Both Ryan and McConnell spoke to concerned allies, the sources said. Canadian Prime Minister Justin Trudeau called both on Thursday before the announcement, according to sources.

For several weeks, according to a GOP congressional source, Ryan had urged the President to avoid across the board tariffs. He specifically pushed the President on it when they met in Mar-a-Lago last month -- a meeting that was described at the time as focused on immigration and the Parkland, Florida school shooting.

While he regularly speaks to the President, Ryan and his staff were also regularly looped in on the ongoing debate, one that had shifted sharply against his views, throughout that period. During the past week, Ryan worked on the President to consider alternatives, focusing on a more targeted approach, and short of that, broader exemptions.

Ryan also worked with a familiar face for Trump -- Ways and Means Committee Chairman Kevin Brady, the co-author of the President's signature legislative achievement: the 2017 tax law. Brady, whose committee has jurisdiction over trade, pushed for meetings at the White House and pulled together a letter signed by 107 House Republicans raising concerns about the proposal. After several efforts to meet or speak didn't come to pass, source said, Brady finally spoke to the president by phone on Wednesday night in his push to narrow the proposal.

Ryan also served as a rallying point for lawmakers, companies, outside groups and even several administration officials looking for ways to pressure the White House against the President's preferred route. He kept in touch with Cohn, one source said, and also spoke to the Vice President.

Ryan, the congressional source said, plans to continue to press the White House to narrow the proposal in the days and weeks ahead. By Thursday afternoon, he echoed McConnell in saying he was "pleased" that the proposal took, if only somewhat, a more targeted approach.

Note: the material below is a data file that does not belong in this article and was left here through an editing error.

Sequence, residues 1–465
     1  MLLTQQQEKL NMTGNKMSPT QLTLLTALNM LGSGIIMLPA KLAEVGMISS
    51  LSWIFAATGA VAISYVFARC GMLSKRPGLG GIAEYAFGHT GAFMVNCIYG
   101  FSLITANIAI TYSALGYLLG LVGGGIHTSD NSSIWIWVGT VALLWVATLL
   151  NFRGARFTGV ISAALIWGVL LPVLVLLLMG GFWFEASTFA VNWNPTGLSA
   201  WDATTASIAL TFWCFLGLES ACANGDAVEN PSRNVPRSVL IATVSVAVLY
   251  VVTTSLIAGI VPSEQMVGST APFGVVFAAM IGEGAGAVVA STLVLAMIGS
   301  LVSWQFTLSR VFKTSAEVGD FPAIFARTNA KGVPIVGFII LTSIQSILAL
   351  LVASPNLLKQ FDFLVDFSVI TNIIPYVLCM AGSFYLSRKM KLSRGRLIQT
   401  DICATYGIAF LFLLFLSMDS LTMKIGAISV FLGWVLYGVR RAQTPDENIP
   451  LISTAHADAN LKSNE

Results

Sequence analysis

'It's a step in the right direction. It's still all bad'

Republicans are still holding out hope that Trump's left the door open to exemptions for key US allies like Canada and Mexico, but aides and members alike say the proposal could still do damage.

"It's a step in the right direction. It's still all bad," said Sen. John Thune, a Republican from South Dakota and member of GOP leadership. "There isn't anything about this that's going to turn out well for us, but we would at least like to lessen the harmful impact by having it more tailored and making it a more surgical approach."

It's not as if Republicans weren't aware of Trump's positions on trade when he assumed office last year. On the campaign trail, Trump struck a much more populist tone on tariffs than the traditional GOP orthodoxy. But many had hoped that with Cohn in their corner, Trump would soften his position. Instead, they say Trump's relied on advice from more like-minded aides like US Trade Representative Robert LIghthizer and trade adviser Peter Navarro.

"They confirm the President's worst instincts on trade," Flake said.

The balance for Republicans now is to try and influence Trump on trade without alienating him.

In their statements Thursday many Republicans sought to congratulate Trump for making some concessions meanwhile imploring him to make more.

"I am pleased to see that the administration today made accommodations for some of our trading partners and allies. However, important questions remain about whether ultimately these tariffs will be sufficiently targeted, tailored and limited," McConnell said in a statement. "I look forward to working with the administration to make sure that our trade policy focuses on curbing abusive behavior and protecting our interests here at home without harming America's economic security."